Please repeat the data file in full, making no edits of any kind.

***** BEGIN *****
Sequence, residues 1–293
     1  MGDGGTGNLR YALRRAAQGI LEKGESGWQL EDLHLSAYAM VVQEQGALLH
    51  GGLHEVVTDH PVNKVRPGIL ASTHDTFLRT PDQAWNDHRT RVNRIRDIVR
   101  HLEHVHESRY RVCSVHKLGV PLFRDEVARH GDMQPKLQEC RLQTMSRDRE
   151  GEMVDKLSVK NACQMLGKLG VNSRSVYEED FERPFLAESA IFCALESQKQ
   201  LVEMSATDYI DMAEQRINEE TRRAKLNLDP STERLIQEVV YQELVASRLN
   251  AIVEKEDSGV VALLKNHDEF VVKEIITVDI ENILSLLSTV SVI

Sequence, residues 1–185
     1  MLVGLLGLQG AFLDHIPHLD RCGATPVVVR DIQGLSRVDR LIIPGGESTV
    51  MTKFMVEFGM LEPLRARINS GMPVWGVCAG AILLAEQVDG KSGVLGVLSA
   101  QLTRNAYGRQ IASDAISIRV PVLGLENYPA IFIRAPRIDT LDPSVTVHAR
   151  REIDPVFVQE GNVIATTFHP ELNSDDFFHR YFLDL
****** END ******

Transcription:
Sequence, residues 1–293
     1  MGDGGTGNLR YALRRAAQGI LEKGESGWQL EDLHLSAYAM VVQEQGALLH
    51  GGLHEVVTDH PVNKVRPGIL ASTHDTFLRT PDQAWNDHRT RVNRIRDIVR
   101  HLEHVHESRY RVCSVHKLGV PLFRDEVARH GDMQPKLQEC RLQTMSRDRE
   151  GEMVDKLSVK NACQMLGKLG VNSRSVYEED FERPFLAESA IFCALESQKQ
   201  LVEMSATDYI DMAEQRINEE TRRAKLNLDP STERLIQEVV YQELVASRLN
   251  AIVEKEDSGV VALLKNHDEF VVKEIITVDI ENILSLLSTV SVI

Sequence, residues 1–185
     1  MLVGLLGLQG AFLDHIPHLD RCGATPVVVR DIQGLSRVDR LIIPGGESTV
    51  MTKFMVEFGM LEPLRARINS GMPVWGVCAG AILLAEQVDG KSGVLGVLSA
   101  QLTRNAYGRQ IASDAISIRV PVLGLENYPA IFIRAPRIDT LDPSVTVHAR
   151  REIDPVFVQE GNVIATTFHP ELNSDDFFHR YFLDL